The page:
Roll-Your-Own Tobacco Shop Owner Pleads Guilty

Thursday, Jan 24, 2013  |  Updated 8:51 AM EDT
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Roll-Your-Own Tobacco Shop Owner Pleads Guilty

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Officials made several arrests after investigating illegal campaign contributions.

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The co-owner of a roll-your-own smoke shop charged in an alleged scheme to direct illegal campaign contributions into Chris Donovan's campaign for the U.S. House of Representatives pleaded guilty on Wednesday to one count of devising a scheme to bribe a public official, according to federal officials.

Paul Rogers, 40, of Middlebury, is the co-owner of Smoke House Tobacco, a roll-your-own smoke shop with two locations in Waterbury, according to federal officials.

He also pleaded guilty to one count of conspiring to make false statements to the Federal Election Commission and to impede the FEC’s enforcement of federal campaign finance laws.

You can read the full indictment here.

Donovan, former speaker of the State House of Representatives, denied any involvement and was not implicated.

Authorities said the alleged scheme to hide the source of $27,500 in campaign contributions was tied to an effort to defeat legislation to raise taxes on "roll-your-own" smoke shop owners.

It began as early as November 2011 and involved several owners of roll-your-own tobacco shops who wanted to stop legislation before the General Assembly that could subject them to new taxes and licensing fees, federal officials said.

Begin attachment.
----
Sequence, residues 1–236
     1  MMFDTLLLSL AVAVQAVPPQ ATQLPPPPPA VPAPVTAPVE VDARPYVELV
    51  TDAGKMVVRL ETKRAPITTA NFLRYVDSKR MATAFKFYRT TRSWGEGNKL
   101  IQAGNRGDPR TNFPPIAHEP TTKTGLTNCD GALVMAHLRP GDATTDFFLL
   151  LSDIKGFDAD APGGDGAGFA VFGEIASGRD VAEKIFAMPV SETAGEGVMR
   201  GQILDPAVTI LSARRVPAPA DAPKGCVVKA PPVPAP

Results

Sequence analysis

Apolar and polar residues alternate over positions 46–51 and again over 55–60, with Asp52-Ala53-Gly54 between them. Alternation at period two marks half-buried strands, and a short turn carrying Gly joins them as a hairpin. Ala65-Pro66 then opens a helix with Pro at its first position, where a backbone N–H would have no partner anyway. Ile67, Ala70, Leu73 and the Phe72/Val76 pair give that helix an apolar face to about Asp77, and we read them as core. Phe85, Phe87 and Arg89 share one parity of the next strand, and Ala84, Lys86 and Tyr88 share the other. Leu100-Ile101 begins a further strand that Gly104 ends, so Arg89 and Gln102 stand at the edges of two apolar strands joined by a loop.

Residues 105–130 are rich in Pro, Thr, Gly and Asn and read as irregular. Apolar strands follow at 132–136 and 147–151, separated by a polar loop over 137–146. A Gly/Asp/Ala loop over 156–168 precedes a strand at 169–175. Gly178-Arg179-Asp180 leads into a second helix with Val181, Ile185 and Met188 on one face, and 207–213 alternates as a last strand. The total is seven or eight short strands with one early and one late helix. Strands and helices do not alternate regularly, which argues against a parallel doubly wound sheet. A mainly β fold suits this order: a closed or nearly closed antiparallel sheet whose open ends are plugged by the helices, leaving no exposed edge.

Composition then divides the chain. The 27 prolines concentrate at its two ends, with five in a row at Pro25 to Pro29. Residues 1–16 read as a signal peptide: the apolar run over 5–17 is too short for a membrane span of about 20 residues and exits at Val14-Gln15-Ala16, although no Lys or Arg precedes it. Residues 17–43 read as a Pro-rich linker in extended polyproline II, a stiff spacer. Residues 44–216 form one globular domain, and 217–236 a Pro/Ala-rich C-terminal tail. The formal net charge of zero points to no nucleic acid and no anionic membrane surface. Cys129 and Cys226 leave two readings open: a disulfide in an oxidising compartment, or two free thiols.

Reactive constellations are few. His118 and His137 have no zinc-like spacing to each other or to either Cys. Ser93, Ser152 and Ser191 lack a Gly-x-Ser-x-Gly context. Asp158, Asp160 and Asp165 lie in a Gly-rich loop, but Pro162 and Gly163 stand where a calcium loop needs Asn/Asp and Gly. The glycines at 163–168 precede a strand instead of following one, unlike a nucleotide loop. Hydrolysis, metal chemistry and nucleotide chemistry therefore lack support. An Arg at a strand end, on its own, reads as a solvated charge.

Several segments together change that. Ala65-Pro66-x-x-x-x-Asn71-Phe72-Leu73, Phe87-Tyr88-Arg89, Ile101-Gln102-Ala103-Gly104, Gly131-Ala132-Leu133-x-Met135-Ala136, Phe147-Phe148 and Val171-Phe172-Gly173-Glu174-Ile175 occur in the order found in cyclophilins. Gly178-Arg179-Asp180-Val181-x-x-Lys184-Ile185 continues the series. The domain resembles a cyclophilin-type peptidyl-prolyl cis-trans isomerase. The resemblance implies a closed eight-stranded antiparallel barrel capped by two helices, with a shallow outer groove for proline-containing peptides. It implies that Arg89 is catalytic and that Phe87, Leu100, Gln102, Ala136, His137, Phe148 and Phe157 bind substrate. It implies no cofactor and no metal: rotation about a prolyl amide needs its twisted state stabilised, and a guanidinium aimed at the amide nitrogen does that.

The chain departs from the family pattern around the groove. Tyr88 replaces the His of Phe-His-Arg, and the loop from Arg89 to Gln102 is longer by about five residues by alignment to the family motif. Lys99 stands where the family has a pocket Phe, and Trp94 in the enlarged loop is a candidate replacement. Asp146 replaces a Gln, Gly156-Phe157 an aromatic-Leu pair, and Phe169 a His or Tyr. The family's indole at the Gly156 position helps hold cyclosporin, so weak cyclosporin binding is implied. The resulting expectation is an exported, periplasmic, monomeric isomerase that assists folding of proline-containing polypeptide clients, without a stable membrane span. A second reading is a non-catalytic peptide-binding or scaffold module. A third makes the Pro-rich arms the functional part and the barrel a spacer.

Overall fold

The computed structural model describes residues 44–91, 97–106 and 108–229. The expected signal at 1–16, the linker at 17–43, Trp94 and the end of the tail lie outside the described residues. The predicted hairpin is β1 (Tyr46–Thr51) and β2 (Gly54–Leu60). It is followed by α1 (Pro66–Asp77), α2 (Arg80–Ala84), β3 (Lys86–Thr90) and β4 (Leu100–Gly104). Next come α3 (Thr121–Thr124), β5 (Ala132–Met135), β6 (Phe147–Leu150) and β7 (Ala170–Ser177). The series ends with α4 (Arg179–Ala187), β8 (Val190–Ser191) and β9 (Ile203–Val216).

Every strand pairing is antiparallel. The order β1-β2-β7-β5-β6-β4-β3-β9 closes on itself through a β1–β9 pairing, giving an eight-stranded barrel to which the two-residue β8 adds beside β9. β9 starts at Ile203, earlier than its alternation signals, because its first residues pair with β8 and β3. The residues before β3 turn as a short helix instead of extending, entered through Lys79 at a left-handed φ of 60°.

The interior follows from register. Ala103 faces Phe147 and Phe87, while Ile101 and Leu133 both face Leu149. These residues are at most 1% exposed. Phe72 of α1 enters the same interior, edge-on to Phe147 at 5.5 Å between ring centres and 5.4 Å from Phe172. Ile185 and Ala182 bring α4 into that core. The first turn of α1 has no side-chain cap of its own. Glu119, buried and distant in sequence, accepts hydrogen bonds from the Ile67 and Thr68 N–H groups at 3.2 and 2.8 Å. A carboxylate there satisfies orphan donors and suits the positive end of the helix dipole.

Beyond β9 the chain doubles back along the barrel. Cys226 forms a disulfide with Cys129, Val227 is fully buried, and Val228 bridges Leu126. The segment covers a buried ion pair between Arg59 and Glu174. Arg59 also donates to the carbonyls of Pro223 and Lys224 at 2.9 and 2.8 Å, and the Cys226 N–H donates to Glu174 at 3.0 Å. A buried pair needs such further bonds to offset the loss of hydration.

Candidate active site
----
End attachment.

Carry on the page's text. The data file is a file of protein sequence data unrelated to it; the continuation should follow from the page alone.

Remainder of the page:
Ultimately, the bill that would have imposed the taxes and fees on roll-your-own shops did not pass during this year's regular session of the General Assembly because it was not called up for a vote in the Senate. However, lawmakers later passed the legislation during a special session.

Rogers will be sentenced on March 20.

He is the third person to plead guilty to charges related to this scheme. 

On July 24, Harry Raymond “Ray” Soucy, a former state Department of Correction worker pleaded guilty to one count of devising a scheme to bribe a public official and one count of conspiring to make false statements to the FEC and to impede the FEC’s enforcement of federal campaign finance laws. 

On Nov. 2, David Moffa pleaded guilty to one count of conspiring to make false statements to the FEC and to impede the FEC’s enforcement of federal campaign finance laws.  Soucy and Moffa also await sentencing.

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